People usually recover from an adenovirus infection. The exception is those whose immune systems are not working properly – so an infection can be serious. There have been cases of adenovirus hepatitis in immunocompromised children, but the children under investigation are not immunocompromised.

There are several curious details about the adenovirus findings. For example, children who tested positive for the virus had low blood levels. In cases of adenovirus hepatitis, “the virus levels are very, very high,” says Peters.

Nor was adenovirus found in the liver. In a study of nine children with hepatitis in Alabama who tested positive for adenovirus in blood samples, researchers studied liver tissue from six of the children. There was no sign of the virus in the liver, the researchers report May 6 in Weekly Morbidity and Mortality Report.

“It’s very difficult to implicate a virus that you can’t find at the scene of the crime,” Kajon said May 3 at a clinical virology symposium in West Palm Beach, Florida.

Another oddity: there doesn’t seem to be a viral propagation path from one location to another. This is different from SARS-CoV-2, the virus that causes COVID-19, “where there was clearly a spread from some epicenter originally,” says virologist and clinician Andrew Tai of the University of Michigan School of Medicine in Ann Arbor. , which treats patients. with liver disease.

A culprit adenovirus is not out of the realm of possibility, but “virus associations with disease are always difficult to identify and prove,” says virologist Katherine Spindler, also at the University of Michigan School of Medicine. “We’ll be hard-pressed to say this is due to adenovirus 41, let alone adenovirus.”

Considering COVID-19

Hovering over all of this is the possibility that an infectious disease outbreak of many magnitudes greater, COVID-19, could play a part.

Researchers have found that SARS-CoV-2 affects the liver in both milder and more severe cases of COVID-19. There is evidence that the liver becomes inflamed in children and adults during an infection. Liver failure can occur with a severe outbreak of COVID-19. And children who develop multisystem inflammatory syndrome in children, or MIS-C, after COVID-19 may have hepatitis as part of that syndrome.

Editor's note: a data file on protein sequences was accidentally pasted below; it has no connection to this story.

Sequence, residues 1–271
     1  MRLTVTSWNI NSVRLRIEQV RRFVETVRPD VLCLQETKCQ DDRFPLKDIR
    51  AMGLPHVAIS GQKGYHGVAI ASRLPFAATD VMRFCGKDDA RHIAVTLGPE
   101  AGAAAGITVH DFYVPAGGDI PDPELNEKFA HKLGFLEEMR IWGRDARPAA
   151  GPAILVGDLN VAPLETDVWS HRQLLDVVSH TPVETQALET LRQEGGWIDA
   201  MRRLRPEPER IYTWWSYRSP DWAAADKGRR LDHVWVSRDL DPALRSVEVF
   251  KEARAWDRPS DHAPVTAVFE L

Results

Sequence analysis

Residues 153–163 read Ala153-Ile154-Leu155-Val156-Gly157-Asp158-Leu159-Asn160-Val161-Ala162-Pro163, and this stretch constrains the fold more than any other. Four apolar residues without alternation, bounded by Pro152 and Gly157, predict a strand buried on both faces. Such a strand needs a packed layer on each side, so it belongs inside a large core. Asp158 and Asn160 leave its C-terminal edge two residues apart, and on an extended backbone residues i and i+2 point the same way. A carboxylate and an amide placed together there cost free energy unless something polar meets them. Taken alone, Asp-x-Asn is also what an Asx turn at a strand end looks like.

Peters and his colleagues described yet another way that SARS-CoV-2 could put the liver at risk. The team reported the case of a young patient from the fall of 2020 who had sudden liver failure about three weeks after a SARS-CoV-2 infection. She didn’t have MIS-C. A liver biopsy showed signs of autoimmune hepatitis, a type in which the body attacks its own liver, Peters and colleagues report in May. Journal of Pediatric Gastroenterology and Nutrition Reports. The patient recovered after treatment with anti-inflammatory medication.

Some of the children with hepatitis tested positive for SARS-CoV-2, but others did not. The ECDC reported that 20 of 173 cases tested were positive for SARS-CoV-2, while the UK Health Safety Agency detected the virus in 24 of 132 samples tested.

However, there is very little data reported on whether children have antibodies to SARS-CoV-2, which would be evidence of a past infection. (Vaccination is not available for most of these children.) The ECDC found that of 19 cases tested, 14 were positive for antibodies to the virus.

One theory is that a previous SARS-CoV-2 infection set the stage for an unexpected response to an adenovirus or other infection. With people no longer minimizing contact, the spread of adenoviruses and other respiratory viruses is returning to pre-pandemic levels.

“Possibly, we are seeing the return of these forgotten pathogens, so to speak, exacerbating disease or causing severe inflammation resulting from some sort of preexisting condition,” which could be COVID-19, Kajon said May 3.

“I can’t think of anything else that has a worldwide impact that could explain cases of hepatitis as far away as the UK and Argentina,” says Kajon.

With SARS-CoV-2, researchers have a good sense of how it causes illness during an active infection, says Peters. But for long-term effects, “everybody is still working things out.”